Inasmuch as the Lovasco decision failed to establish definitive standards according to which due process claims based upon pre-arrest

delays should be evaluated, it can be assumed that the lower courts will continue to apply their own standards in the same conflicting manner in which they have been applied over the last twelve years. The next section of this Note will review the factors considered by the various lower federal and state courts in evaluating pre-arrest delay claims, and the following section will analyze how these factors have been organized into different standards for passing upon such claims. II. A.

FACTORS CONSIDERED BY THE COURTS

Prejudice.

An essential element in a criminal defendant's assertion of a violation of due process caused by pre-arrest delay is a showing of prejudice to the preparation of his defense. When the delay is of short duration

a few courts will presume a lack of prejudice.5 3 For administrative convenience, the District of Columbia Circuit has developed a rough rule of thumb-a lack of prejudice will be presumed from a delay of 51. This conclusion of the Court is questionable at best. In a number of lower court

cases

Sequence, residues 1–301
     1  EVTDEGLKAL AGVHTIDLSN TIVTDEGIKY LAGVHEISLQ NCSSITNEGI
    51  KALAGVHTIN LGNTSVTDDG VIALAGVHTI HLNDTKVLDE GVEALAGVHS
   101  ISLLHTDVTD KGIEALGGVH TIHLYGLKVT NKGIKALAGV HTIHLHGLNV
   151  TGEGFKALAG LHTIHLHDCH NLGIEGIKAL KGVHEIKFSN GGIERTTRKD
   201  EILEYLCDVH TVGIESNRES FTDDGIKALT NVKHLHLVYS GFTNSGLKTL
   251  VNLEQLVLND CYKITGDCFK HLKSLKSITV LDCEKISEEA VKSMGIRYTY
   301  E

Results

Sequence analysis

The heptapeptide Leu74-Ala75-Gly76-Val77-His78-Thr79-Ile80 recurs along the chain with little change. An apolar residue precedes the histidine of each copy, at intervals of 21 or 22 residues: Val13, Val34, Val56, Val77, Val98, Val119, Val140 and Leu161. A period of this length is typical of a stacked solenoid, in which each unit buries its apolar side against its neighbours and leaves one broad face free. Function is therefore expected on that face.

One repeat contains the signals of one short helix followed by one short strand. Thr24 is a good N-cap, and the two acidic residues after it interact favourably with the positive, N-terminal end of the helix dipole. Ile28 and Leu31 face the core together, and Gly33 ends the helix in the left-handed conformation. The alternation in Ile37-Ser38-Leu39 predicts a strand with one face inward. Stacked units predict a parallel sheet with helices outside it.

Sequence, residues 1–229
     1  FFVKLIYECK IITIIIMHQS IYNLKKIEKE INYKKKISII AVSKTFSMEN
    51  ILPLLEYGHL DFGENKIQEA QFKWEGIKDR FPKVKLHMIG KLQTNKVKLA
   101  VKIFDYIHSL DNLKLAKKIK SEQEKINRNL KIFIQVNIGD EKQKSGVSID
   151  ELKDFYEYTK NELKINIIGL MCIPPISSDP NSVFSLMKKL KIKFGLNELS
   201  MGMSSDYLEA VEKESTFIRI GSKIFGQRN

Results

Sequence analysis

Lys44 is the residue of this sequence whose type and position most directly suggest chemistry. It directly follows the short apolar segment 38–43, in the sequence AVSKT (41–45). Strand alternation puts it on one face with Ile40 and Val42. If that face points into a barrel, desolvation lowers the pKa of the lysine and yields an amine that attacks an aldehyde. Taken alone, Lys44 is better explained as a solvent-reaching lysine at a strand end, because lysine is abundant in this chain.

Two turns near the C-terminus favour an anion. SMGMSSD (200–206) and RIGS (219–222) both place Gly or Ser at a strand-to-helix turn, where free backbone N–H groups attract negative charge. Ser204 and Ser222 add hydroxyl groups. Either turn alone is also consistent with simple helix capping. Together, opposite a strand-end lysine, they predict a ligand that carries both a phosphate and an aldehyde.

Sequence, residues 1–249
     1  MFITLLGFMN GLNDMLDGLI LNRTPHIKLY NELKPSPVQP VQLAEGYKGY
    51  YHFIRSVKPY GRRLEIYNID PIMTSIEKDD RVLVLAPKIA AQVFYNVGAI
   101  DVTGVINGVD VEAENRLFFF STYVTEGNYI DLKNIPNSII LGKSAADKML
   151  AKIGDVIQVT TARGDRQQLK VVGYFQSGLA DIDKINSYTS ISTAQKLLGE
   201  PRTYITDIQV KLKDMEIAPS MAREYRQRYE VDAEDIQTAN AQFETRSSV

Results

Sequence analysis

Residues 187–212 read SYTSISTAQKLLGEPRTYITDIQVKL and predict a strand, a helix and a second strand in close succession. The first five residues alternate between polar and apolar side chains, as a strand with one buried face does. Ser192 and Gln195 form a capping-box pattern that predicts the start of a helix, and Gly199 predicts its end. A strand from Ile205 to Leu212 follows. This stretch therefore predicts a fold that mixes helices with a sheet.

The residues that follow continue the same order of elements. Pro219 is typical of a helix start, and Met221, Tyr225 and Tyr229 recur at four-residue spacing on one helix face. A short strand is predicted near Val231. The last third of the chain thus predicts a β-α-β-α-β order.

decided after Marion, the defendant was able to establish sufficient prejudice to warrant a consideration of the reason for the delay. E.g., United States v. Parish, 468 F.2d 1129 (D.C. Cir. 1972), cert. denied, 410 U.S. 957 (1973) (justification of diligent efforts to locate defendant outweighed prejudice); Robinson v. United States, 459 F.2d 847 (D.C. Cir. 1972) (justification of undercover narcotics investigation outweighed prejudice); United States v. Alderman, 423 F. Supp. 847 (D. Md. 1976) (evidence of intentional delay causing substantial prejudice to defendant required finding that prosecutorial delay had resulted in violation of defendant's due process rights); United States v. Kleinbard, 333 F. Supp. 699 (E.D. Pa. 1971) (prejudice to defendant outweighed reasons set forth by government as justification for delay). See also Marks v. State, 496 P.2d 66 (Alas. 1972) (delay of eight months prejudicial where state did not attempt to justify the delay); People v. Vanderburg, 32 Cal. App. 3d 526, 108 Cal. Rptr. 104 (1973) (remanded to determine if justification of continuing undercover narcotics investigation outweighed prejudice). 52. 431 U.S. at 796-97 (citations omitted). 53. United States v. Kellerman, 432 F.2d 371 (10th Cir. 1970) (two-week delay); Daniels v. United States, 357 F.2d 587 (D.C. Cir. 1966) (eight-week delay).